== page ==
The first thing that makes me align weight loss with content strategy is counting calories. Counting calories is like doing an inventory assessment of your content. You have to look at how much food you are eating, and see if you are eating too much, or eating too little. In my case, I was eating too much. I had to learn to cut back, and start doing word counts–I mean, count calories. Part of that assessment also involves figuring out what content can stay, and what needs to go. I figured out that having Ben and Jerry’s Chocolate Therapy Ice Cream had to go, but small amounts of chocolate frozen yogurt could stay. Choosing the right content is part of the process. Yes, I can still have chocolate, but I have to make different choices of which food items would fit into my eating plan. Counting calories is also like keeping within a budget. One is allotted a certain number of calories, and if you go over the allotment, then you have to answer for it. You can balance that budget with cost-cutting measures like exercise, which gives you an opportunity to show what works with your content and what doesn’t work. What foods are providing energy and which ones aren’t? Which ones enhance your calories counts, and which ones don’t? What is providing positive results or negative results? Which tactics are helping you reach your weight loss goal, and which ones are making the process more difficult?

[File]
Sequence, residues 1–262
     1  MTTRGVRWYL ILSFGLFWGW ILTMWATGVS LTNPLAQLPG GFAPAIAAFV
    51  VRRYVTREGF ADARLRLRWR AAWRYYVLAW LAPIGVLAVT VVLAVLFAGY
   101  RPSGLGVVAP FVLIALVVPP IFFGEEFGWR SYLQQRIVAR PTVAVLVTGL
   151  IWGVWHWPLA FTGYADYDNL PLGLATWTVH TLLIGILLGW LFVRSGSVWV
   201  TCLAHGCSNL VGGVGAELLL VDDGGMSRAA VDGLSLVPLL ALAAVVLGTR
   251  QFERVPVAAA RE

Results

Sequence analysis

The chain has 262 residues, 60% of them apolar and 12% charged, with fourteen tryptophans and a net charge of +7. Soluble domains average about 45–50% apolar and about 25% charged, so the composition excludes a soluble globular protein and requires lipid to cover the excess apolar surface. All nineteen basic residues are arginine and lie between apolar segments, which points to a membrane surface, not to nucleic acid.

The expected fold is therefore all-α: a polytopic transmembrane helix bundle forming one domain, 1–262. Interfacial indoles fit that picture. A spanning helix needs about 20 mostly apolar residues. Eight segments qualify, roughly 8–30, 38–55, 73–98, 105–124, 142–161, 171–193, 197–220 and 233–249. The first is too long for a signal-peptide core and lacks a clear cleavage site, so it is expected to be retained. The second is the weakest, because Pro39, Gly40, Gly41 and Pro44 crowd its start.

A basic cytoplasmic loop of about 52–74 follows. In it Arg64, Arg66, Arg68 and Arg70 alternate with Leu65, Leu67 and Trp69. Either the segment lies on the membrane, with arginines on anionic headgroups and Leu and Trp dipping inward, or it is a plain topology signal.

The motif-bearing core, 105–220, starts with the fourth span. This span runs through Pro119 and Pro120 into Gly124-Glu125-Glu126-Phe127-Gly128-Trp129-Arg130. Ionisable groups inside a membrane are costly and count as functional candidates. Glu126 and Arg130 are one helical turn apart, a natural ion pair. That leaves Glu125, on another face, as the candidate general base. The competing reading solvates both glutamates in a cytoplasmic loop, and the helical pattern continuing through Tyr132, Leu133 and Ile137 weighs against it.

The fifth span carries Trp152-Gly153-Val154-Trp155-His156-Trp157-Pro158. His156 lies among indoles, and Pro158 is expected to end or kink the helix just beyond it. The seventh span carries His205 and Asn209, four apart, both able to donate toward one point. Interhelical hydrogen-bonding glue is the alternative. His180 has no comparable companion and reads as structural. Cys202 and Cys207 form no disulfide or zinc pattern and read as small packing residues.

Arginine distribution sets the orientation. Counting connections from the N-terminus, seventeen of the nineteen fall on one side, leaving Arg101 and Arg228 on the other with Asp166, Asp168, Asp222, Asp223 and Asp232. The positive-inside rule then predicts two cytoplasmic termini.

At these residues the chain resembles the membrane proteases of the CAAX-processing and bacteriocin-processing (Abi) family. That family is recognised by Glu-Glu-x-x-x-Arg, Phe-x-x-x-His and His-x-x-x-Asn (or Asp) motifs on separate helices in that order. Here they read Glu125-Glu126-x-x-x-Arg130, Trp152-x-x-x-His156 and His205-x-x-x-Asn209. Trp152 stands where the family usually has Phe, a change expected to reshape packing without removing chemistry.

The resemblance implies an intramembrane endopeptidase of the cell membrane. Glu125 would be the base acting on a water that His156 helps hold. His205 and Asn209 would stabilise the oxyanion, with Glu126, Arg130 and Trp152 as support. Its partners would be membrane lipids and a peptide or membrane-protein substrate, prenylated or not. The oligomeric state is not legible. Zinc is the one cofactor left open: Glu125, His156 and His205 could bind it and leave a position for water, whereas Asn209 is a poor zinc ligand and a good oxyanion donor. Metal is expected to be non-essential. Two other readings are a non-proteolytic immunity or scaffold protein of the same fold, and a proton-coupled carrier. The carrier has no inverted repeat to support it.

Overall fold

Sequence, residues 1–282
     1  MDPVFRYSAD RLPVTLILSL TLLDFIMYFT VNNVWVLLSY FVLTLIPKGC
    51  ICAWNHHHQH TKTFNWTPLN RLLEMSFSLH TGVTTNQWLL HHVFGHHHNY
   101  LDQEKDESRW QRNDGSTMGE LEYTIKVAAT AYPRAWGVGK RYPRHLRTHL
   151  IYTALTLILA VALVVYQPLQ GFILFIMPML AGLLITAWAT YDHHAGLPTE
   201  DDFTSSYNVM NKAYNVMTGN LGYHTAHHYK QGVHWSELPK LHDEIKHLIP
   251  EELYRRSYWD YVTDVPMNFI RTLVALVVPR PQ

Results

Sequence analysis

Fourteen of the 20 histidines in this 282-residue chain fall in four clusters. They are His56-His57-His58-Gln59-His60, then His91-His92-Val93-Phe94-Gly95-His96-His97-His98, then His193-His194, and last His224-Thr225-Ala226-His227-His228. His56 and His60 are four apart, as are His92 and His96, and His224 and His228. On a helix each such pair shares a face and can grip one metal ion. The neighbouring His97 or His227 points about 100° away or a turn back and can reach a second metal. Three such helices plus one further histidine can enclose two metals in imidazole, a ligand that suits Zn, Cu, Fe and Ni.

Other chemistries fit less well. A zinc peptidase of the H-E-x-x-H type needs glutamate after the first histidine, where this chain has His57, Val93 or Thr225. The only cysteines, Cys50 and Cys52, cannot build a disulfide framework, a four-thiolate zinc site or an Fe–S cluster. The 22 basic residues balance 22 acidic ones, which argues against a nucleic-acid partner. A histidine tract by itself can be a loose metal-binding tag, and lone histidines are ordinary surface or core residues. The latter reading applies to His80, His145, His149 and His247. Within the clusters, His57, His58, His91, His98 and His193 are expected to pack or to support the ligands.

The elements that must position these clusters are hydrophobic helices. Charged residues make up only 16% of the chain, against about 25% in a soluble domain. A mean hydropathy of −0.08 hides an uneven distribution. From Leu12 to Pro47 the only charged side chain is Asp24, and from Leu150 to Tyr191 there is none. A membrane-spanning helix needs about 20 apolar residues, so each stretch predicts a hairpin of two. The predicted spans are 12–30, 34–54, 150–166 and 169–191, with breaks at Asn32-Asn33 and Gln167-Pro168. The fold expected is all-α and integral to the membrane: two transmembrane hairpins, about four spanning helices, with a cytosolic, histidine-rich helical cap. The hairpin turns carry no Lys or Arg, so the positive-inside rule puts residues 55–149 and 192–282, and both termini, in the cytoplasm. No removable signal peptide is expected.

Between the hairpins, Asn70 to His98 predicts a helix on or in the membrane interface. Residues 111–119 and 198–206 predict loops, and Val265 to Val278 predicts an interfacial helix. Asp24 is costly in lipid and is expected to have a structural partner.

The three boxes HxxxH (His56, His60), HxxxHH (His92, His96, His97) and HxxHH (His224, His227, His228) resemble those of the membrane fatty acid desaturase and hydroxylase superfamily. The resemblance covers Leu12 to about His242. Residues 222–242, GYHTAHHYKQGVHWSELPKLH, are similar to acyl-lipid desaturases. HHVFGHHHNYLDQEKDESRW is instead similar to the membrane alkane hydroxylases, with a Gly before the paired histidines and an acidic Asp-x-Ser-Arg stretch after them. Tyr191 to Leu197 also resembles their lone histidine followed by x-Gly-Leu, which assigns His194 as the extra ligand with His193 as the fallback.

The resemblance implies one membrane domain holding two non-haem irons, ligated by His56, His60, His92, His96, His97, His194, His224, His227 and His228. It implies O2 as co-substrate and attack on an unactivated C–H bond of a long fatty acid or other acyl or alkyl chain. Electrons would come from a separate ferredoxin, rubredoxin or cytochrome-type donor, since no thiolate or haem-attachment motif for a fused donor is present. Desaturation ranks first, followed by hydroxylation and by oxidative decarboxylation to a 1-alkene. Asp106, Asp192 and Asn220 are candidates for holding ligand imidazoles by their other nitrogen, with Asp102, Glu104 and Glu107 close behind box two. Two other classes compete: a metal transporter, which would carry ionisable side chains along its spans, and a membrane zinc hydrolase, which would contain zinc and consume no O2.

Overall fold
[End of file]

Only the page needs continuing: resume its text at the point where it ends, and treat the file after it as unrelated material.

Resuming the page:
Every single day for the last few months has been a daily task of doing an inventory assessment, keeping within a budget, figuring out the right content that should go into my body, and what would be the best content to make my weight loss work. Managing this content will need to be done on a continual basis until I reach my weight goal (about 65 pounds from now) and proper maintenance of this balance content will always have to be adjusted even once I reach my weight goal, to make sure that the content will help support whatever status my system needs in the future.
Doesn’t it all sound familiar?